On Friday morning, Slough was named by Public Health England (PHE) and Department for Health and Social Care (DHSC) as one of the COVID-19 ‘areas of concern’ – one of the national ‘contain’ measures designed to prevent the spread of coronavirus.
The designation comes following a rise in the number of positive cases within the borough across the last two weeks, though that number is now falling again.
It also takes into account:
• The demographics of the borough and its population – including the black and minority ethnic population which is known to be disproportionately affected by COVID-19
• Previous high levels of infection at the beginning of the lockdown
• Levels of contact tracing following a positive test as part of the test and trace system – Slough has lower than the national average levels of contacts
• No clear link to any individual venue or workplace
Josie Wragg, chief executive, said: “Residents do not need to be unduly worried, but this serves as a timely reminder that COVID-19 is still out there, still circulating in our community and still affecting local people.
“It has not gone away, we are not back to normal and, to protect everyone in our town, people need to follow the advice on handwashing, face coverings and social distancing, get tested at the first hint of symptoms and, if a test is positive, self isolate and take part in the test and trace system to the best of their ability.”
The council has a local outbreak management cell in place which meets daily to analyse the latest outbreak data and plan local preventative measures.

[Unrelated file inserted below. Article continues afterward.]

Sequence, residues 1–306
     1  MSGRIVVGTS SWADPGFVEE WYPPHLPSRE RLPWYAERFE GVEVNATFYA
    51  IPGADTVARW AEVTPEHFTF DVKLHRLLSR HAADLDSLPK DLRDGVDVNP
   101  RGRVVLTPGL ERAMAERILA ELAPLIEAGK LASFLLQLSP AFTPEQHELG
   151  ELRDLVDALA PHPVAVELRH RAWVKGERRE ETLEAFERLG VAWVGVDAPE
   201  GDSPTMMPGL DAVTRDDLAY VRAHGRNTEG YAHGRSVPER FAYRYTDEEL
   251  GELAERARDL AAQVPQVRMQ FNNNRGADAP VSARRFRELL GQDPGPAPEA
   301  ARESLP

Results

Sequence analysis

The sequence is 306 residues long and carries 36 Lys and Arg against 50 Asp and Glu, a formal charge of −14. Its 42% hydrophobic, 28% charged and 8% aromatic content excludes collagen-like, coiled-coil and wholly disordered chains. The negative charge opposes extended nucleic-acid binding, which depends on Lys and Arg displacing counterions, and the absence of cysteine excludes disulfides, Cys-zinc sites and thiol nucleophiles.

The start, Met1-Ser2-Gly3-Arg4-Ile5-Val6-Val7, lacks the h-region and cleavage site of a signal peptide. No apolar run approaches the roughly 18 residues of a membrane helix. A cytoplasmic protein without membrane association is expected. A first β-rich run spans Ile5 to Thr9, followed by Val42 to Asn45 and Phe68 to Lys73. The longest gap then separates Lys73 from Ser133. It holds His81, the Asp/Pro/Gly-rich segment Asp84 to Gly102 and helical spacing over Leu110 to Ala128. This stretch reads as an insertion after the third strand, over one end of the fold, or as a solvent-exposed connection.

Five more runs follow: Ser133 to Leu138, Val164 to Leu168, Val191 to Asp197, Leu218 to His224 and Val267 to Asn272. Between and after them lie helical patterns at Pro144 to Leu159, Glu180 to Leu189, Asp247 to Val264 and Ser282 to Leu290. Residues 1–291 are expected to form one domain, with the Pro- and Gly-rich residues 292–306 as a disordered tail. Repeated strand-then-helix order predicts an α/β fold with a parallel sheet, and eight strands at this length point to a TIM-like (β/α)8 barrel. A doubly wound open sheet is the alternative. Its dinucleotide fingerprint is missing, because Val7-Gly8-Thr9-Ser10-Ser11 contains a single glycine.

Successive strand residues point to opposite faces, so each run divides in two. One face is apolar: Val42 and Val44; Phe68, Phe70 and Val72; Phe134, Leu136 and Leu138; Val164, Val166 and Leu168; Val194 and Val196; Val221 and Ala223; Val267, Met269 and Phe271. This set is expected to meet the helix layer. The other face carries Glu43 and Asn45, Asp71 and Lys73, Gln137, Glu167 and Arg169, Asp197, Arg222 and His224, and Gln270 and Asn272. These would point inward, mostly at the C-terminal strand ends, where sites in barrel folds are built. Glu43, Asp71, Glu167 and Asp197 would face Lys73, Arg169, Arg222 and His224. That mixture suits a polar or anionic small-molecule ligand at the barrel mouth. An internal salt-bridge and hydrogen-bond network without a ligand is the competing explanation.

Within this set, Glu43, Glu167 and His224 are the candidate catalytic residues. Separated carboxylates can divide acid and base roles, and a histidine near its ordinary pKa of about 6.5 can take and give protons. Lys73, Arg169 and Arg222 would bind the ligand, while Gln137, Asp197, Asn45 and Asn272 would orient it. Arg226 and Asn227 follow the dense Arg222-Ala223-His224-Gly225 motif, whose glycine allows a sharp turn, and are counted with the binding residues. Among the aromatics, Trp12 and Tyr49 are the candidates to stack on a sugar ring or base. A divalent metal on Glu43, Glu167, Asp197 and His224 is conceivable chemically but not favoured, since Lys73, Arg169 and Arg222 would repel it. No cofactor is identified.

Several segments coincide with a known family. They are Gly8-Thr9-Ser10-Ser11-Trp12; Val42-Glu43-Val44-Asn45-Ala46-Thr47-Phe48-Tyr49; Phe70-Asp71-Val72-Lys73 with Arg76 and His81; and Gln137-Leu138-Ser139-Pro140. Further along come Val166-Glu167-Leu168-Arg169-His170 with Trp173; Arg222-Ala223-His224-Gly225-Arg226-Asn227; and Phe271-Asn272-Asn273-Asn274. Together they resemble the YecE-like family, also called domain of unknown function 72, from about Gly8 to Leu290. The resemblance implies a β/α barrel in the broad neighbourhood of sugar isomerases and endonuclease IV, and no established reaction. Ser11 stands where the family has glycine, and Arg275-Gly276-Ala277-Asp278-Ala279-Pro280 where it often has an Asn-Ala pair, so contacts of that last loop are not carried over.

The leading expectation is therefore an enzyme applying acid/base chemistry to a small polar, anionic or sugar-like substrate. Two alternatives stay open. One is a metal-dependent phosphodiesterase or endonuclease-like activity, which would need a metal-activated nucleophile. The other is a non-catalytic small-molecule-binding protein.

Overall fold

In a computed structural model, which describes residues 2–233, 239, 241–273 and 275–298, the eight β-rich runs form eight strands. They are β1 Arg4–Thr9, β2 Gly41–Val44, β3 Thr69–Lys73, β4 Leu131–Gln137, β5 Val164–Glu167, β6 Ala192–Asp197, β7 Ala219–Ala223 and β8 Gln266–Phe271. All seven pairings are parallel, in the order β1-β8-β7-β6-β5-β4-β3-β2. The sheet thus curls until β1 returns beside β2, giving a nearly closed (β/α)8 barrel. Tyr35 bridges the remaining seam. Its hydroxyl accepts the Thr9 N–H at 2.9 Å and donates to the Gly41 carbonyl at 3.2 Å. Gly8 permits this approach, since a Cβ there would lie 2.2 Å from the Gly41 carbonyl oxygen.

It is currently assessing whether to put in a place a local tracing system with volunteers to enhance the national provision and looking at sites for another testing centre based in local communities.
Businesses have been offered advice on how to maintain safety and how to report an outbreak and the food and safety team has been visiting key shopping areas in the borough to ensure compliance with the regulations.
The partnership project, run with public health, CCG and voluntary sector colleagues, to engage with minority communities is also being considered by other local authorities as best practice in helping those most at risk of both catching and being seriously affected by coronavirus.
And the One Slough volunteer hub for those who need practical help such as food and medicine deliveries because they are isolating remains in place though official shielding has now ended.
Josie added: “It looks likes the rise in cases we have seen over the past couple of weeks is a blip and our cases are now falling again; but this is not something the town can continue to let happen.
“It is easy to be complacent, to not see a large daily death toll and think everything is OK, but we are very aware that each new case, each new dot on the map, each statistic is a person, a resident, a mum, a dad, someone loved, someone cared about, someone we don’t want to lose.
“Each week the effects of COVID-19 become clearer and more widespread as people report symptoms lasting days, weeks or in some cases months; and the longer term effects on health are still not known.
“I call on all residents to play their part – not just to protect themselves, but protect those they love, those they live with, their family, friends, businesses and town.”
Further information on ways to reduce the risk of coronavirus are available here: https://www.publichealthslough.co.uk/campaigns/reducing-your-risk-coronavirus/
Montem testing centre remains open to residents daily from 8am to 8pm, doesn’t require pre-booking and can be accessed on foot or by car whether you are symptomatic or not. Please continue to remind your contacts, colleagues and family members.
Slough Public Health can be followed on Twitter for any other news and ongoing COVID-19 communications - @SloughPH
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